A farcical 3-0 defeat at Swansea, live on Sky would be the rather large nail in the coffin of the Georgian’s short stay. Always likeable, the sacking still felt inevitable, although it’s up for debate about how much if any control he had with the ins and outs of that summer.

2nd Leonid Slutsky

Speaking of those who may not have had control over the ins and outs, I give you the smiley faced, 10p slot playing Russian who was given a particularly short shrift in 2017.

After relegation from the Premier League and at the height of the protests towards the owners in stepped former national manager Lenny Sluts. It’s hard to say there were high expectations as a number of successful players left that summer. Andy Roberton, Harry Maguire and Sam Clucas were all moved on for a pretty penny.

Not exactly our greatest transfer window featured some names with high expectation but pretty uninspired performances. The Hull City Hall of Fame won’t be nominating Stephen Kingsley, Jon Toral or Nouha Dicko anytime soon. We also dipped into the loan market with three Chelsea players, and again to no great acclaim, Michael Hector was a calamity, Ola Aina was able but raw and at times na├»ve, whilst Fikayo Tomori would go onto big things, but that wasn’t very apparent seven years ago.

There were moments, like with most managers where things looked on the up, notably the 6-1 pounding of Birmingham City at home, but the atmosphere was often sour in the KC with the acrimonious relationship with the Allam family hitting new lows and the 3-2 loss at home to Nottingham Forest saw more protests in the north stand that overshadowed another hit and miss performance.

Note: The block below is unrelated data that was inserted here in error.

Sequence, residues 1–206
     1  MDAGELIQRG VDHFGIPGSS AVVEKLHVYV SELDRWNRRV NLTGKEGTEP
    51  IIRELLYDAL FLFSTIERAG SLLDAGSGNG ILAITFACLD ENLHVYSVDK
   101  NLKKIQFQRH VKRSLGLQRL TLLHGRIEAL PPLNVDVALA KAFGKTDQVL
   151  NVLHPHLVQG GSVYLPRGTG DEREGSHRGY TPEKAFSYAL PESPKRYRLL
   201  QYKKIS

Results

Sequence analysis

A seven game run without a win ensued and not even a last minute equaliser by Michael “I’ll sulk at the Holiday Inn Nottingham until I get my move” Dawson could save the likeable Russian. Nigel Adkins was in the crowd at Hillsborough with a bowl of muesli and that was pretty much that. Dasvidaniya Lenny.

1st Marco Silva

Ironic really that I know I’ll get a hard time for putting a bloke first who got us relegated (technically) yet he’s far and away the best foreign manager to lead this club in my eyes and I’d guess plenty of you too.

Marco really took over a hot mess. The most dysfunctional off-season ever from the club that had plenty of high bars to jump in terms of chaos, led inevitably where it was always going to, the bottom three of the Premier League. Despite the opening day heroics against champions Leicester and some valiant performances afterwards City were in free fall.

Exit Mike Phelan and enter the Portuguese heartthrob himself. With little time to spare Marco recruited quickly at the end of the January window and brought in some real crackers. Andre Ranocchia, Kamil Grosicki, Lazar Markovic and Oumar Niasse were all quick improvements over what we’d seen in the first half of the season and suddenly there was a bit of hope.

Performances were on the upturn and a 3-1 win at home to Bournemouth in MS’s first game announced that this City team weren’t going to go quietly. At home we were at times sensational and wins against Liverpool, West Ham, Swansea, Middlesborough and Watford suggested that we could dig ourselves out of this sizeable hole.

However, there were two problems. One, the zonal marking system never seemed to work and we shipped goals from set pieces, two we just couldn’t replicate the form away from home. A smash and grab loss at home to Sunderland, mainly based on the heroics of Jordan Pickford essentially was the hammer blow and it was over in reality before the away game at Crystal Palace on the penultimate week.

It’s a cliche I know, but it’s the hope that kills you and Marco Silva gave us that when essentially none was to be had. We were exciting and attacking again, and whilst the rollercoaster ride wouldn’t lead to survival, it was a commendable effort considering the baggage he inherited. Silva has gone on to success, particularly at Fulham and if Tiger Tim is as canny and knowledgeable as Marco… we might just be ok next year.

Thanks for reading folks. UTT.